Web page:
By: Sarah Ballagh
Gunner and Smith began as a new project in 2010, and evolved into a 4 or sometimes 5 piece folk rock ensemble releasing their first EP in 2011. They went on to record a full length album in 2014, and are currently doing a tour of Ontario and Quebec this month.
How did you come together as a band?
Gunner & Smith is actually one of those bands that changes constantly. When we go on tour I see who is available to come along and go from there. We have a set group that does the recording and the local shows, but sometimes on tour we can bring everyone along. Like on this tour we picked up a drummer form Toronto and a bass player who was out in London to fill in for others that couldn’t make it. The band in Saskatoon is kind of a mix of friends I started playing music with and then local musicians we met from playing shows around the city.
You seem to do a lot of touring and shows, tell us what it is like on the road and do you enjoy it?
Yeah most of the time its great. I feel like pretty much every tour you go through the same cycle. You work so hard to plan it and get ready that by the time it starts it catches you off guard. Then its really exciting right of the start and then you usually have a spot mid tour where you get really tired out and it starts to drag. Then by the end your half excited for it to be over, half bummed that its going to end. Overall I really enjoy it. When you’re on the road meeting new people and making connections and playing shows where you feel like you connect with the crowd it is the best. A string of bad shows can definitely bring you down though.
Is this tour supported by your full band? who is with you ? and what do they play?
Well that’s a tricky question. I write the songs, lead the band, plan the tours, and sometimes do solo shows. We have a group of musicians in Saskatoon Nick Dueck(bass), Brent Letkeman(keys), Graham Tilsley(guitar), Rachel Malena-Chan(vocals) and Nik Winnitowy(drums). This group does the writing and recording and sometimes tours. On this tour though its Brent and I from the usual band and Matt McLaughlin on drums and Scott Neufeld on bass. Both are guys that have toured with me in the past and are awesome musicians.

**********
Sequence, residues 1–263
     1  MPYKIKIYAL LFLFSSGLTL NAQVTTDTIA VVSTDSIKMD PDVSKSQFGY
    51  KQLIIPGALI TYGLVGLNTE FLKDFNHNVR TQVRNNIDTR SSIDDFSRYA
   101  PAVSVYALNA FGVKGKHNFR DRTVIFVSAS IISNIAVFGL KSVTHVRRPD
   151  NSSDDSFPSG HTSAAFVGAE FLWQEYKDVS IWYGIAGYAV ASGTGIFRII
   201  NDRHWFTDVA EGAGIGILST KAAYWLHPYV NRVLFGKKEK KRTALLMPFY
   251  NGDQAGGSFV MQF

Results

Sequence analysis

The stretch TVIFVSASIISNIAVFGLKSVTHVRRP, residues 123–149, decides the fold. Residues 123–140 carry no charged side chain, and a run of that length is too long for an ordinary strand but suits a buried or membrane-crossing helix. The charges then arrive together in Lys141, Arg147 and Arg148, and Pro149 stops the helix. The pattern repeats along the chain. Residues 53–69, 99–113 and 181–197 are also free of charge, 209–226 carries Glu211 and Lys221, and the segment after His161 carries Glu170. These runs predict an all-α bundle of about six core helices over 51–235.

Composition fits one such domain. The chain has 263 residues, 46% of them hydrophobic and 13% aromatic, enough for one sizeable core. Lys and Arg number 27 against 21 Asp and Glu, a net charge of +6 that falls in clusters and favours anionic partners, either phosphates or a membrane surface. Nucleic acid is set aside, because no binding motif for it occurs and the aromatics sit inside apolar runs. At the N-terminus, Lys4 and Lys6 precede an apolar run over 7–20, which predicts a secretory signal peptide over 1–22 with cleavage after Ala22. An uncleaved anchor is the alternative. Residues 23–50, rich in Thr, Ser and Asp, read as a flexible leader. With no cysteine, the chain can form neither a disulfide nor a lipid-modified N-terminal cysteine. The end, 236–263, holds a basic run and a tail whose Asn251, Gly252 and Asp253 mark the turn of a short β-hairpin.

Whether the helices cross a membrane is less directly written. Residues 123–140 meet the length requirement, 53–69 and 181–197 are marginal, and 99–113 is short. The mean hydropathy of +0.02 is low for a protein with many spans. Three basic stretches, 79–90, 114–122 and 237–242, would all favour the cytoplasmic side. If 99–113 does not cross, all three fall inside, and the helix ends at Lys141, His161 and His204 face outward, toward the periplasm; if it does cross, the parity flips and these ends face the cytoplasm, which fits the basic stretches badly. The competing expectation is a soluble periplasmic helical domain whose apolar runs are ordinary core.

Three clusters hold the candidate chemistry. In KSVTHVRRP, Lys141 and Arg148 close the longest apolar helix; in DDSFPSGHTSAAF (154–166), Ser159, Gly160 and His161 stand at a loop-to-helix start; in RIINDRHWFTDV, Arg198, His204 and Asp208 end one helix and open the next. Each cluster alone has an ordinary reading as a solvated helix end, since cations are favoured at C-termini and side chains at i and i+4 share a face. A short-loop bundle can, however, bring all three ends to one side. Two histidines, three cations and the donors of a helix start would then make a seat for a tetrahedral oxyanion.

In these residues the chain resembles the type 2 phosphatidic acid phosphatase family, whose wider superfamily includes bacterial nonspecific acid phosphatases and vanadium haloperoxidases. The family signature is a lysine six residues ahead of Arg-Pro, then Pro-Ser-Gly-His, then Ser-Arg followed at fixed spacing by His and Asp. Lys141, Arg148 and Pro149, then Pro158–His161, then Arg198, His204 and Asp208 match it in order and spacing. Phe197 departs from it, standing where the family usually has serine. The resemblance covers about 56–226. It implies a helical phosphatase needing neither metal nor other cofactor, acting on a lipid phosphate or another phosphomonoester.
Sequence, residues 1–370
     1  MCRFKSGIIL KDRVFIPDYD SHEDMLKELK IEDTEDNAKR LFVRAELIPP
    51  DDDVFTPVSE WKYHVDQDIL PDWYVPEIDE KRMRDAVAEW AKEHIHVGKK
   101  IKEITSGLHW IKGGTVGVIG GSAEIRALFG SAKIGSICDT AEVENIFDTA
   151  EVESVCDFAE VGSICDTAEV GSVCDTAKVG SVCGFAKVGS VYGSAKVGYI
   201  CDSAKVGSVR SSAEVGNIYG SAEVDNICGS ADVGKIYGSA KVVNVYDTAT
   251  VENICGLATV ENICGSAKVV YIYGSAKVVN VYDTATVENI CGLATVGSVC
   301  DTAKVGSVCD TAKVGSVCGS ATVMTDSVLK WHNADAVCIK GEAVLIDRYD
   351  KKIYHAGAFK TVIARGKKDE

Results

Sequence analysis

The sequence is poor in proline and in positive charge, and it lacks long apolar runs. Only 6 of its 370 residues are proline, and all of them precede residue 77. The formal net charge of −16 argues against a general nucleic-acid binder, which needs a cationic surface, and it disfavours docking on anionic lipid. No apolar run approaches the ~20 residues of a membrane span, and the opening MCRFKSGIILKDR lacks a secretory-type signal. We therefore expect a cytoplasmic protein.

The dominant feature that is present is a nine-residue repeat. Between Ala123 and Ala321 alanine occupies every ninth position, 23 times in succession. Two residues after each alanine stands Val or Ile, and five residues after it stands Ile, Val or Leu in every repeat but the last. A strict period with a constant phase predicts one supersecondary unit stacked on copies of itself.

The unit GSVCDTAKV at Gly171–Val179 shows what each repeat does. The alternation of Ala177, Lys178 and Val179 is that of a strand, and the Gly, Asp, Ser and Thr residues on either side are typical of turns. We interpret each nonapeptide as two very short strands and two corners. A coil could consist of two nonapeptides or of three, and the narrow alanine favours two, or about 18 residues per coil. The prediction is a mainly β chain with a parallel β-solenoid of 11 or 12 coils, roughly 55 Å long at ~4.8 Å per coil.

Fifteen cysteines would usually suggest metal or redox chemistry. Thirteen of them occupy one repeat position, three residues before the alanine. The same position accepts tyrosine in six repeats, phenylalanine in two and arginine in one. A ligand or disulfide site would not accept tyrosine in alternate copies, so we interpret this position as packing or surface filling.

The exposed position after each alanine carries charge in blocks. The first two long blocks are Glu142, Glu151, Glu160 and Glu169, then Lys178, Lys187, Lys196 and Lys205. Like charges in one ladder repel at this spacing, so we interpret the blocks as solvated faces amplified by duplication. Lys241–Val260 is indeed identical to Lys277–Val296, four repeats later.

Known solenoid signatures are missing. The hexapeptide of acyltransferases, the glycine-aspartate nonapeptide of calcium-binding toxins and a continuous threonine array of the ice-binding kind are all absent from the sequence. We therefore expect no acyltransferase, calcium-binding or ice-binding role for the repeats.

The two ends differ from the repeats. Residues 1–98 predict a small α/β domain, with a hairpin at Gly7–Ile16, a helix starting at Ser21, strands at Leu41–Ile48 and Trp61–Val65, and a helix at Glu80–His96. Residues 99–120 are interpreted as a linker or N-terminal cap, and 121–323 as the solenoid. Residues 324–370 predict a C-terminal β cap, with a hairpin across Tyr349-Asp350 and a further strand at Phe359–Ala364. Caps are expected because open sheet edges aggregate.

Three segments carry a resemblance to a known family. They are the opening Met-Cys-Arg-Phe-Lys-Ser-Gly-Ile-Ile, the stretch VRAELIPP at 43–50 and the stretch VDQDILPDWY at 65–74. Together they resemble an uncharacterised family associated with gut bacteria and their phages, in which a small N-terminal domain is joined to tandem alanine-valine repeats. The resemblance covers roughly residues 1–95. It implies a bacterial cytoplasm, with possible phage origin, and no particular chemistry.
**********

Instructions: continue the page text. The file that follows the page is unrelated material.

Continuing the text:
What are your live shows like? and what do you strive for when on stage?
I just strive to make music that I would want to listen to. I try to write songs with a strong melody and interesting lyrics. We try not to be too flashy and keep finding more and more that simple and open often make for a better song. Its like Down by the River on that Neil Young album. They play the same stuff for 6 minutes, but the groove is so nice the cong just feels great. That’s what we try to do. Get the song to sound right then layer over leads and interesting stuff.
Your music slightly reminds me of Strand of Oaks, very laid back. Who else would you say has influenced you over the years?
I’m a huge fan of songwriters like Townes Van Zandt, Neil Young, The Band, Pink Floyd. Lots of older stuff. We worked with Ryan Boldt from, the Deep Dark Woods, who produced our last album. He had a huge impact on us and our sound. He really past on the importance of the simplicity and feel that I was talking about before. He showed us that we didn’t need to clutter up the songs, but that when we strip them back a little bit they are actually much stronger.
Where do you see the band heading in the next year?
After this tour I am wrapping up writing a new album. I’m planning a solo tour down the Tennessee, Georgia, and North Carolina for February. Then we will be working hard to rehearse for a new record. I’m hoping to record in spring if everything goes according to plan. I’m also hoping to do a solo record sometime to use up some of those songs that don’t really fit well with the direction we are going with the band.
What was the recording process like for your full length album “He once was a good man”?